Letting Go To Jesus
by Deacon Thomas Frankenfield
Continuing our Journey
Again, we will continue our journey down the road of dealing with pain and suffering. Before we begin let me respond to an email I received this week. If I have not made it clear previously, I want to state unequivocally that I have a high regard for the medical, clinical and scientific communities and their miraculous work with all who suffer in this world, of which I am one. I praise God that they are all using their personal and collective talents, which come from God, for the benefit of humankind. However, I bring spirituality point of view born of my pastoral experiences and theological training. I see this approach as coming from the heart. It is experienced with the People of God’s personal relationship and acceptance of the Holy Spirit’s role in pain and suffering. The choices we make in our relationship with God can destroy, renew and ultimately evangelize the world in which we live.
Last week we looked at the initial impact of the onset of pain and suffering. We discussed how we are ripped from our normal environment and placed in a new setting that often times is surrounded by anxiety and uncertainty. So going further we now look at other likely level in our experience. Many sufferers immediately withdraw in the face of these new circumstances. One of the most obvious reactions is to feel alone and abandoned. It is there that we make the tough choice of inviting others into our situation. After all, few have ever made it though pain and suffering alone.
Suffering in the life of Christ
Throughout our religious formation, we have always been trained to look to the life of our Lord and Savior, Jesus the Christ, as a model for most aspects our lives. Jesus, who was like us in every way but sin, can truly be our guiding light, especially in the darker paths of our journey. Having walked a similar journey, Jesus knows who we are and what we are going through.
Jesus’ earthly life started in Bethlehem in the midst of the most humble conditions. Those conditions of his birth alone would be considered suffering by today’s health and medical standards. Suffering and pain were not foreign to Jesus in his ministry either. In the instances of dealing with those who were hurting, His actions were unambiguous. From the compassionate healer to the broken Lamb of God on the Cross, Jesus completely fulfilled the role the Suffering Servant. (Reference the powerful prophecy in Isaiah 52:13-53:12.)
So, whatever we are facing in our particular journey of pain and suffering, we have Jesus by our side to love and support us should we be open to His care. The Catechism of the Catholic Church goes further to say that , “…the Church, following the apostles, teaches that Christ died for all men without exception: "There is not, never has been, and never will be a single human being for whom Christ did not suffer.” (CCC 605)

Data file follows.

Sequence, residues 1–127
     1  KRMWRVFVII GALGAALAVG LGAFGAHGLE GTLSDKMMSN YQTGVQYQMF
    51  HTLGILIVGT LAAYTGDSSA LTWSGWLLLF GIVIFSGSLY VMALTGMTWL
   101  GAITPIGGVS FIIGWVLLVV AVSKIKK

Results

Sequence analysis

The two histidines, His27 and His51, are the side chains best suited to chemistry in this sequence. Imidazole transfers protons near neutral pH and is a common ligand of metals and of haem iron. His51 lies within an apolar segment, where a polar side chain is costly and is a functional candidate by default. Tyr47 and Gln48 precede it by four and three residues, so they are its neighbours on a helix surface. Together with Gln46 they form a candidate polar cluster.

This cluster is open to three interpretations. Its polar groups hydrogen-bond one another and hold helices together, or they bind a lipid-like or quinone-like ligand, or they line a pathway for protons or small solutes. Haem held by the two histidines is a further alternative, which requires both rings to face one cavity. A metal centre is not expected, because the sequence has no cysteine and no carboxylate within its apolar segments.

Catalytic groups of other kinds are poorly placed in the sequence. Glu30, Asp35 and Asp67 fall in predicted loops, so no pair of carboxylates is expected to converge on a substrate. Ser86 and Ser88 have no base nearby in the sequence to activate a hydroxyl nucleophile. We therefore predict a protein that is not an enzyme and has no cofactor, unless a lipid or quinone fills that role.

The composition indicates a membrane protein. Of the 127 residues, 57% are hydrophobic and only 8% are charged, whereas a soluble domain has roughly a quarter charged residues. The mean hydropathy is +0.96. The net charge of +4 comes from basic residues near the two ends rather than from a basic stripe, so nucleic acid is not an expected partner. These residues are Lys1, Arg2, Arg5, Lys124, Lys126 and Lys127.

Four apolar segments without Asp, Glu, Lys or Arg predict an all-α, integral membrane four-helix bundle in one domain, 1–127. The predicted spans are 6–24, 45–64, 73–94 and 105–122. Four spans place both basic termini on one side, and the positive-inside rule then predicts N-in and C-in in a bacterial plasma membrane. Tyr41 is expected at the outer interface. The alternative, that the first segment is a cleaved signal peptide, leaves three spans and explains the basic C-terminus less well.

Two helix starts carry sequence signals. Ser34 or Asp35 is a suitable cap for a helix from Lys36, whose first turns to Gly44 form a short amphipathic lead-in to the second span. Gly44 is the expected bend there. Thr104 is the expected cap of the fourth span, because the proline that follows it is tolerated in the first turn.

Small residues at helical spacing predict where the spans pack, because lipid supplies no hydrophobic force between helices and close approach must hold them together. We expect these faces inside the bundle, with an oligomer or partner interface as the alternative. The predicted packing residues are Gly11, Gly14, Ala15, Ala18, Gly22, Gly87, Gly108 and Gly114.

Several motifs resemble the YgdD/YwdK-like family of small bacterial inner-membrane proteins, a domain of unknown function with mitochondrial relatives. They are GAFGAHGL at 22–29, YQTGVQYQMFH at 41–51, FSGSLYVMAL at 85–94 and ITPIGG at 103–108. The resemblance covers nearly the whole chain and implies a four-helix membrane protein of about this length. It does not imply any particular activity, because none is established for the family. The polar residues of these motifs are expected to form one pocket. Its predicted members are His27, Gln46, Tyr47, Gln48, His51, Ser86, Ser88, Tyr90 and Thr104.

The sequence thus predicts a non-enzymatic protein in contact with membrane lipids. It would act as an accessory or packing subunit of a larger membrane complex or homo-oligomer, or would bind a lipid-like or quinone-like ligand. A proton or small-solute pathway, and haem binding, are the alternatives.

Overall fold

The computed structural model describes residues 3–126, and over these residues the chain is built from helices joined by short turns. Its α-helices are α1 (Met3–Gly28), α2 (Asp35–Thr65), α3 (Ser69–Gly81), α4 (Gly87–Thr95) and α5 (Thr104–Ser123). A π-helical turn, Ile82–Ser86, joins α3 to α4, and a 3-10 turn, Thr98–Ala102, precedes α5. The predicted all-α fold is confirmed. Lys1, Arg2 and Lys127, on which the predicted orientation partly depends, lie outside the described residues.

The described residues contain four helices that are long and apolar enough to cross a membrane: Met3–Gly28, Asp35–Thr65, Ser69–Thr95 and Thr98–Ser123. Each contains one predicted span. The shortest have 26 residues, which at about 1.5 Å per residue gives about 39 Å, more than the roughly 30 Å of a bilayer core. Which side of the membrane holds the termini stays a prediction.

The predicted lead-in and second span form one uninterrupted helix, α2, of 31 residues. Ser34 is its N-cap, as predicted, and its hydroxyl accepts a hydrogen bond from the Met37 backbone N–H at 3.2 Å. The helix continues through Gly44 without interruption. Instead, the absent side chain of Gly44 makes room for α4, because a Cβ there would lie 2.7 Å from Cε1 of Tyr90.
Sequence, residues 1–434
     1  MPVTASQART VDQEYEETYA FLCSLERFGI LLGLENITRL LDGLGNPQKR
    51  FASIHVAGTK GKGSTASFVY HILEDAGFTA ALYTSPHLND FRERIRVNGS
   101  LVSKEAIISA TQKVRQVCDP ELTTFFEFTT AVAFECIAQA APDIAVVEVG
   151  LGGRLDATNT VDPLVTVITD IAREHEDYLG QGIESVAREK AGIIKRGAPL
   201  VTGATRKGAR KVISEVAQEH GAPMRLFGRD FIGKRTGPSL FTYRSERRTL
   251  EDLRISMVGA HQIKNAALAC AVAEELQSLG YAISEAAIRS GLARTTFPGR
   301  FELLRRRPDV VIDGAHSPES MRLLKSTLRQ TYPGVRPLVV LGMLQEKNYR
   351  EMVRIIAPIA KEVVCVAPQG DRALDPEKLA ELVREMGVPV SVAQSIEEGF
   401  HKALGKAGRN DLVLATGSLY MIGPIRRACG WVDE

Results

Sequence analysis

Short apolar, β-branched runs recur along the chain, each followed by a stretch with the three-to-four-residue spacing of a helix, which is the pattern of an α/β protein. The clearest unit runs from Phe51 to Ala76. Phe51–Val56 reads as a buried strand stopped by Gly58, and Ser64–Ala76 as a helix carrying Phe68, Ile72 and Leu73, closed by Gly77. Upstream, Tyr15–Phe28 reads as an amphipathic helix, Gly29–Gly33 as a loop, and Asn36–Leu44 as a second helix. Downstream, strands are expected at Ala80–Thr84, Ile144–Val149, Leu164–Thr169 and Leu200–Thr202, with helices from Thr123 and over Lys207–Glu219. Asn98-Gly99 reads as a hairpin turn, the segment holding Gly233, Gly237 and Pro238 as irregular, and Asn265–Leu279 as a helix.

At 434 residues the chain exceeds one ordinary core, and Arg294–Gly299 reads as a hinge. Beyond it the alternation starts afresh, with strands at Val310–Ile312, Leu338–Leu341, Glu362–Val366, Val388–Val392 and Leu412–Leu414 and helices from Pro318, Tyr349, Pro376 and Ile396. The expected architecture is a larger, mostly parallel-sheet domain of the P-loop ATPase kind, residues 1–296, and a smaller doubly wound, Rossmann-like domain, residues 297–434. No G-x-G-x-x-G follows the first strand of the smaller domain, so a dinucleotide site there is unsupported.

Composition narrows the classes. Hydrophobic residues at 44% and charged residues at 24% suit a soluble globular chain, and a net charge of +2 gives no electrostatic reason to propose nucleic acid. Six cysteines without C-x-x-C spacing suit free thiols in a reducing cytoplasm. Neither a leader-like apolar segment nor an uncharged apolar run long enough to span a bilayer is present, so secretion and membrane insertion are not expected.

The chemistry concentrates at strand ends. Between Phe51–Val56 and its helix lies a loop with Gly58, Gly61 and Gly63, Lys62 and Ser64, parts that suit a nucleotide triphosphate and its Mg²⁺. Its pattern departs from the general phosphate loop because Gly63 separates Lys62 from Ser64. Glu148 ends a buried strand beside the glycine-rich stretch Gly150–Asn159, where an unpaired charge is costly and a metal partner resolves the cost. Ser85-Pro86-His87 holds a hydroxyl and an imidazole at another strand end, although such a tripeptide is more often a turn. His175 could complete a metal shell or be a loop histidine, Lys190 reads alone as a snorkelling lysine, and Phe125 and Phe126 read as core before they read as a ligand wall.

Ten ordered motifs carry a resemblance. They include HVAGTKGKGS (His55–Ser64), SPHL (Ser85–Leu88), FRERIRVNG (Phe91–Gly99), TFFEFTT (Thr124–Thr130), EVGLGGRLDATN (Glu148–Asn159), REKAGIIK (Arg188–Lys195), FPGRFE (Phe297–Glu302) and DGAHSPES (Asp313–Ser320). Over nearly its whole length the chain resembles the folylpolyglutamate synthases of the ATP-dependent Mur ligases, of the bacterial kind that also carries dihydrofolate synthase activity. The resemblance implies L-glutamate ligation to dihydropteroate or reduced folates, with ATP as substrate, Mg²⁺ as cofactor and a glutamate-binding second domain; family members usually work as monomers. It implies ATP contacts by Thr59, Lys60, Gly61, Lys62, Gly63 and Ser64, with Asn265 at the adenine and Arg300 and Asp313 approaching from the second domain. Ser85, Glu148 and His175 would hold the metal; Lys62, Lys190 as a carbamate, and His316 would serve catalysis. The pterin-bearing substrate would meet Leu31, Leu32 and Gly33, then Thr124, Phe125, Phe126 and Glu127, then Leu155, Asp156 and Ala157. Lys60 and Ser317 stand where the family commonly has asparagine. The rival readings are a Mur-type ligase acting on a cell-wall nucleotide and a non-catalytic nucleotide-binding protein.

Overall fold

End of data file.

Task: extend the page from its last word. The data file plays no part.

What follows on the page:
Through our Church and the sacrament of Baptism every one of us are called to be visible signs of Christ in world. So, not only do we participate in the sufferings of Christ but we are called to minister to others as Christ and the Apostles did in their time. So, the Christian Community is ready to support us, pray with and even cry with us in our pain and suffering.
Let Go and Let God
In the end, we are truly never alone in our sufferings, unless we choose to close ourselves into an interior shell. We need to remember that there are People of God, our Church and a loving Savior all waiting for us to say “yes!” I echo the phrase I learned in Cursillo many years ago—“Let go and let God!” In many cases God will touch your heart either by the gentle breath of his Holy Spirit or by sending one of the members of the Mystical Body of Christ. All we have to do is be open.
So my fellow sojourners, in spite of whatever is causing your suffering, know that Jesus is waiting to hold you close to His Sacred Heart. Release your pain to Jesus--say “yes” to make Jesus the Divine Physician in your life. Let Go to Jesus!
For Your Reflection
From a Ministry Perspective:
- What part of being a facilitator of Jesus’ healing love makes me the most comfortable or uncomfortable?
- Am I able to model saying “yes” to Jesus in my life so that I can better understand the community I am serving?
From a Family Perspective:
- In my Domestic Church, as parent, sibling, widow or single am I a facilitator of Jesus’ healing love? How can I make that a reality?
- Where in our relationship with each other and God, does my family most need to say “yes” to Jesus to sanctify our Domestic Church?
I would love your feedback, thoughts, stories and ideas. Please email me.
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